Q&A: PICC vs Midline

Q: What is difference between picc line and midline. How can you tell the difference if one is not the one who inserted it? A: By definition, the difference is: PICC is short for peripherally inserted central catheter. It is a central vascular access device inserted into an extremity and advanced in the venous system until…

Q&A: Medical Assistants and IV therapy

Q: Can medical assistants in office based infusion settings insert peripheral IVs and administer IV medications? A: This is a question I get weekly.  I have posted a previous blog about this topic and replied privately to individuals asking the question. But I think it’s time to post my response again: Medical assistants (MAs)as defined…

Twice is enough…

The practice criteria in the INS standard 35 on vascular access site preparation and device placement states: “No more than 2 attempts at vascular access placement should be made by any 1 nurse, as multiple unsuccessful attempts limit future vascular access, and cause patients unnecessary pain. Patients with difficult vascular access require a careful assessment…

Looking for RNs inserting PIVs

If you are a registered nurse inserting short peripheral IVs , would you be interested in answering a short survey on peripheral IVs? The survey is open to registered nurses, whether you are part of an IVteam/PICC/Vascular access team or not, and actively inserting short peripheral IVs in all healthcare settings. The survey results will be integrated in…

Exhibit Hall Experience: INS 2013

This is the part of the INS Annual meeting that I always look forward to.  I am very grateful to all the vendors who were there whether they had something new to show or not because their products contribute greatly to patient care and safety. Their willingness to educate nurses is always appreciated. Just like…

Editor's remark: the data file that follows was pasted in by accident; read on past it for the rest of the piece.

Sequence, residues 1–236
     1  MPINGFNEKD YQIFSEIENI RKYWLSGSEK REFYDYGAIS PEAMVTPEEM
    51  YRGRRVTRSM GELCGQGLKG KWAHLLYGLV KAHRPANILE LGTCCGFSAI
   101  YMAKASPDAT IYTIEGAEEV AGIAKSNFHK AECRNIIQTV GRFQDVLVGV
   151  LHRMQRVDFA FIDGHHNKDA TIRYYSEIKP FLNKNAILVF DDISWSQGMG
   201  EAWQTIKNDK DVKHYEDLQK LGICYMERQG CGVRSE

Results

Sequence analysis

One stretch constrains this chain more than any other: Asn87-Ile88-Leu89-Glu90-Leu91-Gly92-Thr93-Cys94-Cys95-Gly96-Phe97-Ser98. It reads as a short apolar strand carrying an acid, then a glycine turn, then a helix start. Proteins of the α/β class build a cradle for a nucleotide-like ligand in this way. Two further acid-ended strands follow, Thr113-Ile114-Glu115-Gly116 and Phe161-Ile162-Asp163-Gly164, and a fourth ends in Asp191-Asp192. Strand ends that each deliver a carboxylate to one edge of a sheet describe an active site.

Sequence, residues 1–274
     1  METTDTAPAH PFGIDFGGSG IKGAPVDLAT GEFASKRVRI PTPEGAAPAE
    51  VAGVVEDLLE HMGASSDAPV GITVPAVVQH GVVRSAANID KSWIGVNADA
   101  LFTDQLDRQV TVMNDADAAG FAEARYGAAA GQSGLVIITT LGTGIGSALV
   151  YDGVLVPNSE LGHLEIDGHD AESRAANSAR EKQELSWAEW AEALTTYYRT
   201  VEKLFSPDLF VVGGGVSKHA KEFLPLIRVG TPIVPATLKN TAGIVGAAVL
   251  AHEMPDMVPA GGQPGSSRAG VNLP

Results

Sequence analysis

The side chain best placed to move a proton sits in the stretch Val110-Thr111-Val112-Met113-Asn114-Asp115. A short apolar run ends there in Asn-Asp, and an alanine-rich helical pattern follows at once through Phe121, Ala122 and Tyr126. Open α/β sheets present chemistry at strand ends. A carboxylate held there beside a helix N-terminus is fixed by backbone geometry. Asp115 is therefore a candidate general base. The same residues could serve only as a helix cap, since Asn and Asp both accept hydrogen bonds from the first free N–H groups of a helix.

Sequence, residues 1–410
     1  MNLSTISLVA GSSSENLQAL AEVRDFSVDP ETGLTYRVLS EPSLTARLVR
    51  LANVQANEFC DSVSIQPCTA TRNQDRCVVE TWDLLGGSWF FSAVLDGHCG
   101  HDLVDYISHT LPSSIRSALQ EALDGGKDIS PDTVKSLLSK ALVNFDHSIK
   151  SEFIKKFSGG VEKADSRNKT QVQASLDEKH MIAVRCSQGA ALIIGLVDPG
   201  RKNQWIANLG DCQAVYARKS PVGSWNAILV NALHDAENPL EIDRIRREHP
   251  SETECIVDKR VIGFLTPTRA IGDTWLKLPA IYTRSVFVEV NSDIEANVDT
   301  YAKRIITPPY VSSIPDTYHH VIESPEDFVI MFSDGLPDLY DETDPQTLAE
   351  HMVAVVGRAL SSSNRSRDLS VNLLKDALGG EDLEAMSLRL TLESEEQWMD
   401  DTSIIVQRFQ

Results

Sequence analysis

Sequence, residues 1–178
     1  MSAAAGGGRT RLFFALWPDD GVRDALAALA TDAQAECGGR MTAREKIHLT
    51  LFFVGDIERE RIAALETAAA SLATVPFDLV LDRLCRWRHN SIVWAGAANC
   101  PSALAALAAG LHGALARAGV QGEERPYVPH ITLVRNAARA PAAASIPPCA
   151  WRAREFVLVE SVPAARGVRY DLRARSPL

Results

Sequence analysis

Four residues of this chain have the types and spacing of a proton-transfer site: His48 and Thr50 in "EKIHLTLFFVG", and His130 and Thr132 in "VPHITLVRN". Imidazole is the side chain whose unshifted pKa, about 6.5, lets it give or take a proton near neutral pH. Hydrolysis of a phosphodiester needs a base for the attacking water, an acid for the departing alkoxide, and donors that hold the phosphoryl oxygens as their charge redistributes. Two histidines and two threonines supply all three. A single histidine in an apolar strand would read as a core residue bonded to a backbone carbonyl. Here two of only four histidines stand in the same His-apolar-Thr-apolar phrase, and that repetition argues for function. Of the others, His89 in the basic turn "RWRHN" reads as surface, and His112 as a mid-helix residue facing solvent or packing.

40 years of INS

The Infusion Nurses Society (INS) is celebrating its 40th year as the premier organization for infusion nurses. Through the years, this organization has gone through many changes, a name change from National Intravenous Therapy Association (NITA) , and yes, even the logos. But one thing remains the same, it continues to set the standards for…

Q&A: Bevel up or down

I am always delighted to get IV questions from colleagues on social networks. Occasionally, I post them on this blog in the spirit of learning. Here’s one on IV needle insertion. Q: Tell me do you insert a needle up or down? A: I am assuming the question you are asking pertains to the bevel…

IV manual flow regulators

These are devices designed to regulate the flow of fluid instead of using the roller clamp on the IV tubing. IV manual flow regulators are either part of the IV tubing or added on. Since these are regulated manually, these flow regulators are not “infusion pumps”. It does not function like electronic infusion pumps and…

PIV Catheter Gauge selection

The goal when selecting the proper gauge of an peripheral IV catheter is to ensure that the best device meets the patient’s needs.  This means taking into consideration many factors such as: Prescribed therapy/type of solution Duration of treatment Peripheral vein availability/vein integrity Diagnosis /Age Known complications of the device The Infusion Nurses Society standards of practice states…

Today’s inspiration…

In case you missed it just like I did, spare a few minutes and watch this short video on how a 15 year old  freshman in high school developed a paper sensor that could detect pancreatic, ovarian and lung cancer in five minutes for as little as 3 cents.     There is hope in the…